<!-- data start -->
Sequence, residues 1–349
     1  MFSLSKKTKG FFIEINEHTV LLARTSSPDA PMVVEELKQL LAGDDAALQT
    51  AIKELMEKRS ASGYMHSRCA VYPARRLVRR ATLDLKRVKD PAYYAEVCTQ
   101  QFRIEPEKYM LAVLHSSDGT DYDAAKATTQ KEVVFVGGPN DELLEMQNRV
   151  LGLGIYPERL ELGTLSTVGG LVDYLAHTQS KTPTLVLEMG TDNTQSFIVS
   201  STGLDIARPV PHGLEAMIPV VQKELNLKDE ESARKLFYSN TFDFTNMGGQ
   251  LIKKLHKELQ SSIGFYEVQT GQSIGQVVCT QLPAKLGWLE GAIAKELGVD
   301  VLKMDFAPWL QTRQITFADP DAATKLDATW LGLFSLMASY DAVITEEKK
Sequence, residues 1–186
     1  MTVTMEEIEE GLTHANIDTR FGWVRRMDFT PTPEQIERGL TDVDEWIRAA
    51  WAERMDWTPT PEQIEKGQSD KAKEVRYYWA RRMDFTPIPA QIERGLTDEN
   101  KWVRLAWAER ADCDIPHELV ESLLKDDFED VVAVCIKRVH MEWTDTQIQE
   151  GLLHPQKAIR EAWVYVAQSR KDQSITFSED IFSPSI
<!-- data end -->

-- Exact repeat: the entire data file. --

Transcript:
Sequence, residues 1–349
     1  MFSLSKKTKG FFIEINEHTV LLARTSSPDA PMVVEELKQL LAGDDAALQT
    51  AIKELMEKRS ASGYMHSRCA VYPARRLVRR ATLDLKRVKD PAYYAEVCTQ
   101  QFRIEPEKYM LAVLHSSDGT DYDAAKATTQ KEVVFVGGPN DELLEMQNRV
   151  LGLGIYPERL ELGTLSTVGG LVDYLAHTQS KTPTLVLEMG TDNTQSFIVS
   201  STGLDIARPV PHGLEAMIPV VQKELNLKDE ESARKLFYSN TFDFTNMGGQ
   251  LIKKLHKELQ SSIGFYEVQT GQSIGQVVCT QLPAKLGWLE GAIAKELGVD
   301  VLKMDFAPWL QTRQITFADP DAATKLDATW LGLFSLMASY DAVITEEKK
Sequence, residues 1–186
     1  MTVTMEEIEE GLTHANIDTR FGWVRRMDFT PTPEQIERGL TDVDEWIRAA
    51  WAERMDWTPT PEQIEKGQSD KAKEVRYYWA RRMDFTPIPA QIERGLTDEN
   101  KWVRLAWAER ADCDIPHELV ESLLKDDFED VVAVCIKRVH MEWTDTQIQE
   151  GLLHPQKAIR EAWVYVAQSR KDQSITFSED IFSPSI